From Stella Rosa McDonald…
Madeline Preston’s Tanagras Archive is shaped by a healthy disillusionment with all things art. In the tripartite installation, Preston reproduces—in rough and ready clay—objects from the Louvre’s significant collection of Tanagra figurines. Produced in the rural Greek town of Tanagra in 300 BC, the mold cast figurines were coveted by the French middle class as purchasable taste. Preston’s series of paintings, from which the exhibition takes its name, are interior scenes in a faded palette and allude to bourgeois interiors where either meals or celebrations have taken place. The artist’s idiosyncratic text, The museum in the expanded field, is really the final component of the installation and is critical of history making, museological practices and the myths of artistic production.
The installation—in which the imitation ceramic vases and trophies sit in front of Preston’s original paintings and drawings—borrows from the anachronistic convention of the museum display, where works are shown together despite being from distinct geographical and temporal locations. As imitations of imitations, the status of the Tanagra’s is historically unique. As Preston writes, they were “ancient and modern, serial and fake” and exist, now and then, as a metaphor for the appetites of the art market. Often incorporating real or invented collections, Preston’s work addresses the museum as a medium and regularly uses the index as an aesthetic convention to critique histories. Preston reminds us that there is a self-consciousness to history making, as if history were a diary whose pages were written with a reader in mind.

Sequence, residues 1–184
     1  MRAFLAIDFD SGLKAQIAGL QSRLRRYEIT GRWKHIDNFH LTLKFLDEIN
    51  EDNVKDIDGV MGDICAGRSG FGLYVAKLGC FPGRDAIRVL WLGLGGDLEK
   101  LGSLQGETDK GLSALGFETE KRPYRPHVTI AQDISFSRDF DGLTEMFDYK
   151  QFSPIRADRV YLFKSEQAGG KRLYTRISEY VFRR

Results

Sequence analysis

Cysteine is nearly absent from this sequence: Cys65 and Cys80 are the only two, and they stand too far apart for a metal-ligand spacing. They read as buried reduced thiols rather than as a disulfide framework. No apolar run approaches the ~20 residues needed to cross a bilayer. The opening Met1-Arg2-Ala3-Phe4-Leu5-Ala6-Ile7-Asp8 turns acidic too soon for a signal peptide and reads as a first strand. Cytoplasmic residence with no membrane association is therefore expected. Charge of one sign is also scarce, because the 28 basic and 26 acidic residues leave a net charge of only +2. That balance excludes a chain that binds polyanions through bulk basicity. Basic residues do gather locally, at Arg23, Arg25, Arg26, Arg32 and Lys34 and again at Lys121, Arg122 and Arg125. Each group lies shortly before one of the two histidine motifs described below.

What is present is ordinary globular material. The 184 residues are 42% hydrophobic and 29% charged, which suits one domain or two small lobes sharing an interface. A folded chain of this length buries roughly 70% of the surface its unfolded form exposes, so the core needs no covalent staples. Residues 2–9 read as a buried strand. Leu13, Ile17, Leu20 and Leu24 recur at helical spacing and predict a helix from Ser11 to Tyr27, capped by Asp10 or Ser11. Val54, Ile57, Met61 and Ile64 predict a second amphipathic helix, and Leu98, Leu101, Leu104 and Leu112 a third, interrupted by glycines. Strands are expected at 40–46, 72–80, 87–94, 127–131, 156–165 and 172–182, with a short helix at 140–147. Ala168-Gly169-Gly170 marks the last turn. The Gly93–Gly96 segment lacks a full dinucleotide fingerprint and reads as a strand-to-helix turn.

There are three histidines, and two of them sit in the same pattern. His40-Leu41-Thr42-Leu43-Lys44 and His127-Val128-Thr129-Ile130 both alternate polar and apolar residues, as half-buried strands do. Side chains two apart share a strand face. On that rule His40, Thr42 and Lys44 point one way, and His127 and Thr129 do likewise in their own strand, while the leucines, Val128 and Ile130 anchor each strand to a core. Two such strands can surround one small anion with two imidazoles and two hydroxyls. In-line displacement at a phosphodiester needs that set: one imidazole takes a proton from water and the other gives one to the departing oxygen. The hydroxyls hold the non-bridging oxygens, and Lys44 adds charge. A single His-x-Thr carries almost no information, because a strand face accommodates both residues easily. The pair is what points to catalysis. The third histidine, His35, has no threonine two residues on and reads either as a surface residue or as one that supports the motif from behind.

Until July 4th
Archive Space, Newtown
Pic: Madeleine Preston, Tanagras Archive: The Discrete Charm of the Bourgeoisie, 2015. Oil on paper, plinth with printed linoleum, 600 x 800mm. Stoneware glaze fired ceramic vase, dimensions variable. Photo: Brett East